At the crossroads of Europe and Asia and along the Eastern shores of the Black Sea lies the Republic of Georgia, a fertile country surrounded by the stunning Caucasus Mountains. The land is home to myths, legends, and a rich cultural identity, perhaps none more important than its status as the birthplace of wine (approximately 8,000 years ago). This history has been championed by celebrity chefs, wine writers, and worldwide foodies embracing the region’s unique blend of delightfully aromatic dishes, giving the region a renewed sense of prominence.
Though most people in Georgia wouldn’t understand why someone wouldn’t eat pork for ethical reasons, the religious eat a mostly plant-based diet during fasting periods that last for 40 days each, or 200 days a year. When Georgians fast, they eat a variety of dishes packed with seasonal vegetables, mushrooms, nuts, herbs, and spices. Orthodox fasting is not to be confused with actual caloric fasting, as people eat—and they eat a lot. They just don’t eat food made with meat or animal products, although fish is allowed. Luckily, as evidenced by these 10 Georgian dishes, you don’t need to fast in order to enjoy this delectable cuisine.
Lobio refers to stewed kidney beans, but there are variations, including stewed beans with herbs served in a clay pot, cold bean salad, and bean stew served with pasta.
Lobiani is the vegan answer to the fat-and cholesterol-laden cheese pie khatchapuri, which is often topped with a raw egg and a huge pat of butter. A bread boat filled with cooked kidney beans that is then baked in a wood-fired oven on the side of a tone (round earthenware oven), this dish is typically served with pickled peppers.
3. Badrijani Nigvzit
Eggplant rolls with walnut paste are a staple on the Georgian table and quite easy to make. These long strips of fried eggplant have been smeared with a delicious garlic and walnut sauce, and then rolled into cylinders or other shapes.
These balls of vegetables and walnuts with aromatic herbs and dried Georgian spices can be made any time of the year with seasonal vegetables. One favorite is made with roasted pumpkin—the subtle sweetness of the pumpkin balances out the savory and spicy elements, while the addition of walnuts gives added bite.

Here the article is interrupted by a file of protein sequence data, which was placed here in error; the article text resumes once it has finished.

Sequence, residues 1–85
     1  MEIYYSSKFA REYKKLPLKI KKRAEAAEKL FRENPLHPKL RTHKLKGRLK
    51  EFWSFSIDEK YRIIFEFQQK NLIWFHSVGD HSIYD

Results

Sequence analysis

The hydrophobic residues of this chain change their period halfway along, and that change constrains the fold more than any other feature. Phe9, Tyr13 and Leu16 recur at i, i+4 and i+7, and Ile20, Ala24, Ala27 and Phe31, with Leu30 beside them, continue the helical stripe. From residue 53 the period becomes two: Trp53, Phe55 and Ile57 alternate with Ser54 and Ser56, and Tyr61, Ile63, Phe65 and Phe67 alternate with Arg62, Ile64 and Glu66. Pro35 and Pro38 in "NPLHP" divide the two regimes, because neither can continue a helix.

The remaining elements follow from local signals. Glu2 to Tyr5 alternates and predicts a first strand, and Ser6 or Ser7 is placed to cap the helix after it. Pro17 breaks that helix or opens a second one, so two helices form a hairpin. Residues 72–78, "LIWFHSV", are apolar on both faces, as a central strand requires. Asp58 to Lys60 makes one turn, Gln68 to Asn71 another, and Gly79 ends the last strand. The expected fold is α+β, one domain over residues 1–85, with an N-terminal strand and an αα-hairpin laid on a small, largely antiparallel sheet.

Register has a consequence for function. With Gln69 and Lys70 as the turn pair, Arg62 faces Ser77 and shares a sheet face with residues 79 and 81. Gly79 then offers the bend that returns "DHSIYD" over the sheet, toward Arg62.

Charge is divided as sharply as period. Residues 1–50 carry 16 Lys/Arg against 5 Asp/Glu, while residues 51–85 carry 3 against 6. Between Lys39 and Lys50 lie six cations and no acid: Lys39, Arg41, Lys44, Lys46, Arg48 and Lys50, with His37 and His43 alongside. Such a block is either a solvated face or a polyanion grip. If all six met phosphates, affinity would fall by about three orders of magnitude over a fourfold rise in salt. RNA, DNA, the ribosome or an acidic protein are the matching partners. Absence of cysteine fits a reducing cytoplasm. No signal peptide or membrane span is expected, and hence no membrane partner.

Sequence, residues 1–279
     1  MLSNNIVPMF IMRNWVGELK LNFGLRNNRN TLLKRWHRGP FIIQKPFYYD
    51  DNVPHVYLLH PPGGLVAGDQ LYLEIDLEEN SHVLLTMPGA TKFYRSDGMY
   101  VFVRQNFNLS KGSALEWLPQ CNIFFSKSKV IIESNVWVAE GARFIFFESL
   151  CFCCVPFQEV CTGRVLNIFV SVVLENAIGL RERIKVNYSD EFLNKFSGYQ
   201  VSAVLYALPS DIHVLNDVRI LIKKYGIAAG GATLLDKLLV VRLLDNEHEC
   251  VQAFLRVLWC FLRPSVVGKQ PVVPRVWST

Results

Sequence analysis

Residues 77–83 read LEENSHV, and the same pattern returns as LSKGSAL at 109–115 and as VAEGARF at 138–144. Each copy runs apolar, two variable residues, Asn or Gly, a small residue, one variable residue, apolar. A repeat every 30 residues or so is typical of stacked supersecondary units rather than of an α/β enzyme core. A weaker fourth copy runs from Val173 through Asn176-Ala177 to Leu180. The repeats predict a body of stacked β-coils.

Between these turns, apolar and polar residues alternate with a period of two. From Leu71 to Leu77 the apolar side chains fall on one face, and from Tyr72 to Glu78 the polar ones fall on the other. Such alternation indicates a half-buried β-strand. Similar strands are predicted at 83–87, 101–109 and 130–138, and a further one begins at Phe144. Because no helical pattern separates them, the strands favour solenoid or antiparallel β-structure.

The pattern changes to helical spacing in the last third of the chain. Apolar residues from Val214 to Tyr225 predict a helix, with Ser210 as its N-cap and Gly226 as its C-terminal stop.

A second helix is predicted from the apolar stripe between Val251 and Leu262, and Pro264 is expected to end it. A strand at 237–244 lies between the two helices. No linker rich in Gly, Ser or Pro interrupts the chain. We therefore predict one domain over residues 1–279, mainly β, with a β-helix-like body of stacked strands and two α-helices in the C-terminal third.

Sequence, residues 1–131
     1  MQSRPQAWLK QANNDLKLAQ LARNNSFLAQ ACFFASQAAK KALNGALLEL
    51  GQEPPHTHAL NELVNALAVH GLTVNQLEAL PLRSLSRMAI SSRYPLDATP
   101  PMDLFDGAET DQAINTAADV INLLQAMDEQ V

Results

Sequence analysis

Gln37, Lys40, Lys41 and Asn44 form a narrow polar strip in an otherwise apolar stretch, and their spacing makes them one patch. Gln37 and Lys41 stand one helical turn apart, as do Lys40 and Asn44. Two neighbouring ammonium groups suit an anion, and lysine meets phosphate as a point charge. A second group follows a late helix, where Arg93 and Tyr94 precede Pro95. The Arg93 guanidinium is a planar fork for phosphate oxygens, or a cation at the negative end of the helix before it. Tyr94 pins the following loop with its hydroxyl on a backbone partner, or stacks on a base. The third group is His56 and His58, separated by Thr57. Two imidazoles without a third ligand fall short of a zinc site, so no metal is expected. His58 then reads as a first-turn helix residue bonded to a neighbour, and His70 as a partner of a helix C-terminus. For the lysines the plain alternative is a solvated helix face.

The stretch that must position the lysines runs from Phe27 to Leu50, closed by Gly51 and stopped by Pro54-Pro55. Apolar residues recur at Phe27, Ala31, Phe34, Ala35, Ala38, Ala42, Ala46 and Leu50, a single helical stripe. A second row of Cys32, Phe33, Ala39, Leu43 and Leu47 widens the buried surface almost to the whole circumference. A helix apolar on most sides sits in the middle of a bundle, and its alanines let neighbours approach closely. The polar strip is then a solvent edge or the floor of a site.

5. Mushroom or potato khinkali
Better known in its meat-based form, these famous Georgian soup dumplings are made with flour and water-based dough, so there’s no need to worry about eggs. Similar to the pleated dumplings of east and central Asia, khinkali are a remnant of much earlier Mongol invasions, and legend has it that the ideal khinkali has 19 pleats—but nobody can confirm why. What’s important is that you first suck the soupy liquid from the mushroom-based varieties and don’t eat the doughy knob (kudi) at the top. Eat them with your hands, and leave the kudi on your plate to keep track of how many you eat.
Similar to Turkish dolmas, tolma are usually made with pickled cabbage leaves or grapevine leaves. In Georgia, it’s common to find them filled with minced meat, but meat can easily be replaced by one of the many traditional grains. Find them on Georgian menus under the category of “fasting.”
In Georgia, no vegetable escapes fermentation. You will find pickled peppers, cabbage, beets, and jonjoli (a pickled wild flower). These also act as the perfect accompaniment to all the heavy nut-based and bean dishes, while fermented foods (such as pickled vegetables) aid digestion.
Churchkhela is a traditional sausage‑shaped candy originating from Georgia. The main ingredients are grape must (the pressed grapes that includes the juice, skins, and seeds), nuts, and flour. No food photo says “Georgia” more than churchkhela, which are made in the fall at harvest and can be preserved for months. Traditionally carried by warriors and knights on long journeys to provide sustenance, churchkhela are easy to transport and are full of nutrition for long travels.
A delicious Georgian ratatouille vegetable dish made with eggplants, tomatoes, bell peppers, garlic, and cilantro, ajapsandali is a perfect summer dish often served cold.
10. Qvevri wine
Naturally made wines produced in a qvevri—the oldest known wine vessel that dates back more than 8,000 years—are vegan. The qvevri is a large terracotta wine vessel permanently buried in the earth and used for both fermentation and storage. These special winemakers do not require filtration because the shape of the qvevri ensures that solid materials sink to the bottom and the wine will be clear, so there’s no need to clarify their wines with eggs, fish bladders, or blood. In Georgia, wine is regarded on the same level as food and is always on the table.
Sarah May Grunwald (instagram.com/tastegeorgia) is a certified sommelier and professor of wine who currently organizes events and tastings of Georgian wine in Europe and the United States.
Photo courtesy of Sarah May Grunwald